Finally, and I’m not sure if I speak for girls everywhere here, or just my particular wonderful group of friends, but GNOs and GNOBs especially have the absolute requirement of a plethora of food that is truly delicious and consequently terrible for you. Nothing compliments the excitement of being out with your best girl friends and the anticipation for the great night ahead of you like piles of guacamole with heaps of tortilla chips, or bottomless fajitas. Should fajitas have bottoms? Yes. But will I be sorry if they don’t? Absolutely not!
I think you see where I’m going with this… Si, es cierto…
Mexican fiesta!! Ole, ole!! Call me crazy, but there’s just something about Mexican food that screams, “It’s your birthday, so let’s drink tequila, get hopped up and make some bad choices!” This was true a few months ago when Cara and I rang in our mutual 23rd years at Dos Caminos Midtown, and it’s still true now. And it was with this simple, universal, beautiful truth in mind that the six of us entered Cozymel’s last night, casting a knowing eye to the spinning frozen margarita machines as if to say, “Hello, old friend.”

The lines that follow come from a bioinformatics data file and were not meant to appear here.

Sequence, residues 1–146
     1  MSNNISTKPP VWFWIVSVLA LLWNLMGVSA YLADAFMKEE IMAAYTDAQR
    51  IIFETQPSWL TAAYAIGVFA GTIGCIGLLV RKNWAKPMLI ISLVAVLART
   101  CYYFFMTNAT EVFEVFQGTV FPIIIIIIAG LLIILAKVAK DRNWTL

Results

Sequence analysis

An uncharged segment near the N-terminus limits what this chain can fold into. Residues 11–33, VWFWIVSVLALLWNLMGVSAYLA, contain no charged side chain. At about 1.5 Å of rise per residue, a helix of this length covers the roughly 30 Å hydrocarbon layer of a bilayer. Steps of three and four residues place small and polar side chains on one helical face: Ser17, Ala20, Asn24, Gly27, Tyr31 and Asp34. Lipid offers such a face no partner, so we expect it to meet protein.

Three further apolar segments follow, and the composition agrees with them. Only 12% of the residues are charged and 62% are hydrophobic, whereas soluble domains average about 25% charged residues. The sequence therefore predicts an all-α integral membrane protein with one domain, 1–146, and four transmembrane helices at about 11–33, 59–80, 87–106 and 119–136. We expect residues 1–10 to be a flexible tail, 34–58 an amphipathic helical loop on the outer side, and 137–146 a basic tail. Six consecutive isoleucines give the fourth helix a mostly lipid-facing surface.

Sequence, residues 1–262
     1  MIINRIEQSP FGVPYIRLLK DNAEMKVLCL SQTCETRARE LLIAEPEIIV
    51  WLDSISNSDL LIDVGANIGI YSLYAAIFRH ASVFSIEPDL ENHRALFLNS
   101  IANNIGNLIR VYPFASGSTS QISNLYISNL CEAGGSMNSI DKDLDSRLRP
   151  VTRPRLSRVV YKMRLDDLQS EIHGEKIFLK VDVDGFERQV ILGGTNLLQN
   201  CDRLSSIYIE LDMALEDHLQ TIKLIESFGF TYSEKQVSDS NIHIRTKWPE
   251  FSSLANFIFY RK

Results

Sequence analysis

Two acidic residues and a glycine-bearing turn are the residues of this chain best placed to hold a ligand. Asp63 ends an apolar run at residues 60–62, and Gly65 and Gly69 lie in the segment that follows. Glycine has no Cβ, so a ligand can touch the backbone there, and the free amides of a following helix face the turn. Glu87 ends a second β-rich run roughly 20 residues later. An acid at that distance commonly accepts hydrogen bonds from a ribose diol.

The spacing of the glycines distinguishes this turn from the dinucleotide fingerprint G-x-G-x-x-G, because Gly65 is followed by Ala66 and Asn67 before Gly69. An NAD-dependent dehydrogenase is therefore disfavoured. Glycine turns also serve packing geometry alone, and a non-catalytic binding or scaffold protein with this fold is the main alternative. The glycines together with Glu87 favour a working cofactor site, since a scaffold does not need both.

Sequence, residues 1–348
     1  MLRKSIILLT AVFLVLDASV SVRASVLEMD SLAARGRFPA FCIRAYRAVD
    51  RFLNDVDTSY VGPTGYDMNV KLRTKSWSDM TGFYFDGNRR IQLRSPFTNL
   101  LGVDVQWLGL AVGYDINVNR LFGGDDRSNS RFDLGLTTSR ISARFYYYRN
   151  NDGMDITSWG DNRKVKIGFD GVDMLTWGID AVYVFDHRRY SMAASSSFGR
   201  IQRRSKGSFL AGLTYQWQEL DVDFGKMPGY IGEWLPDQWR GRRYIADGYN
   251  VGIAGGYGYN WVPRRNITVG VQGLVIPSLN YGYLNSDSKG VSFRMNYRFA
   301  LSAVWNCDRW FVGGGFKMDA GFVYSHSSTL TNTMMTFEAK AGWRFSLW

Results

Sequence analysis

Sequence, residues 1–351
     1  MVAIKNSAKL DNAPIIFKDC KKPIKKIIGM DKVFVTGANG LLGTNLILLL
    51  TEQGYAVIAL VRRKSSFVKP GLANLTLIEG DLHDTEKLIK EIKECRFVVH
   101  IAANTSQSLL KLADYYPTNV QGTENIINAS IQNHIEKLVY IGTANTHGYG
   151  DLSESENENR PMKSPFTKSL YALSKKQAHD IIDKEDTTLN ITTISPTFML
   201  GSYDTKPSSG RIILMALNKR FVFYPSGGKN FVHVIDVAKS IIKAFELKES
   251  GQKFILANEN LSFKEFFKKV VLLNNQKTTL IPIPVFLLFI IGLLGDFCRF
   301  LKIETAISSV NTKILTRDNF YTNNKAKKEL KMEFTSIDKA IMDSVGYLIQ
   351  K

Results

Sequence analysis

As per the three requirements, the night proceeded in an elevated state of excitement as we chattered, drank, and ate our way through several rounds of “Weightless Mojitos” made with Acai Berry Rum and fresh mint. This drink was spectacular, and seems to be a new hit for the summer – it has also cropped up on the bar menu at the Central Park Boathouse, whose version includes fresh, plump blueberries and blackberries thrown whole into the cocktail, Sangria-style. Cozymel’s also introduced us to the “Margarita Sampler,” which despite it’s somewhat mundane name, was reminiscent of a Mayan temple in South America, the way the small tumblers sat upon a staggered pedestal, and how it’s drinker stood rightfully in awe of itspresence.